DIY Entertainment Technology


I’ll be uploading schematics and Eagle files here as they’re finalised – the CNC didn’t play nicely with Gerber files so everything ended up being constructed on veroboard (twisting a leatherman blade in a hole seems to work well, in my case better than the traditional drill bit – but that may just be my drill bits).

Bear in mind, I’m new to almost everything I’m doing here, including Eagle designs, so the schematics are somewhat messy. I’ve tried to keep the lines fairly separate.

Fader Module – .tiff here, .sch here. – this is currently missing the connections to the MCP23017 i2c-GPIO chip and the connections to the SparkFun capacitive touch module.



Comments on: "Schematics" (4)

  1. Why do you have six voltage regulators in this module?

    • The six voltage regulators are present due to the current draw of the motors (0.8A@10V). The voltage regulators used are rated for 1.5A peak current, so it’s really just me trying to be cautious about current usage with a very limited knowledge of electrical engineering. Also, this approach has proved far cheaper than any appropriate voltage power supplies I could find that could deliver the 21A current. Any advice you can give as to good practice and such will be very much appreciated – this entire project is a learning experience for me. My previous Arduino project was turning a relay on and off using serial commands – quite a jump.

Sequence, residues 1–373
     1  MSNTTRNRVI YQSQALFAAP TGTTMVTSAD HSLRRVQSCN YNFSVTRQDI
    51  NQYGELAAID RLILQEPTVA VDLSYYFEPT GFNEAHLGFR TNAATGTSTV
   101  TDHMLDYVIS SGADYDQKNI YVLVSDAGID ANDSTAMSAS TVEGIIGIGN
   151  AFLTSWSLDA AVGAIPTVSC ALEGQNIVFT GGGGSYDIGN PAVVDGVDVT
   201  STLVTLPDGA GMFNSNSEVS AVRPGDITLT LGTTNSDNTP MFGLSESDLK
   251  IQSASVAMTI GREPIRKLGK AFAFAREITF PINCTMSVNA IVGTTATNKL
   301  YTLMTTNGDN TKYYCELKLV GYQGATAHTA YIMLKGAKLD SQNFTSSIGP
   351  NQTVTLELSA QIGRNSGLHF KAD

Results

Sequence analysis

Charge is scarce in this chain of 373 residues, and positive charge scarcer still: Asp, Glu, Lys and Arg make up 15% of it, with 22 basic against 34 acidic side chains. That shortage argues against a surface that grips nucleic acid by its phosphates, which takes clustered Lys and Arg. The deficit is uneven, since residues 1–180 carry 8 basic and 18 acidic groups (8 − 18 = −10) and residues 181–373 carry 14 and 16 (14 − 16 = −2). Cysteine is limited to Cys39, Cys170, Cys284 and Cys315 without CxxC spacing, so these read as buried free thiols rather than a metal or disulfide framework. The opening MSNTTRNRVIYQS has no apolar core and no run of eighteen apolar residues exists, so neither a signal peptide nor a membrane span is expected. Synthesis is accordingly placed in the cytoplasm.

• I think my first step would have been to wire up one of your motorized faders in a test rig, and determine how much current you’ll actually be drawing in use. I’m sure you can hit 800mA if you slam the fader home as fast as it’ll go, but you could just as easily utilize your PWM to restrict that speed (and thus, current usage) to something that is still functional for your purposes. It might have been as easy as some capacitors to handle large peak loads (if all the faders are moving at once, very quickly, for example). Experimentation is important.

        If your solution works, then it’s hard to speak ill of it, but fewer components is usually a desirable goal.

      • I am using PWM in some stages of the motor fader movement, however I’m erring very much on the side of caution as any malfunctions during assessment could cause a substantial loss of marks (as mentioned elsewhere this is a final project for a design & technology high school course). I’m unfamiliar with the appropriate use of capacitors in circuit design, hence my hesitation to rely upon experimentation. Also the voltage regulators were surprisingly well priced from

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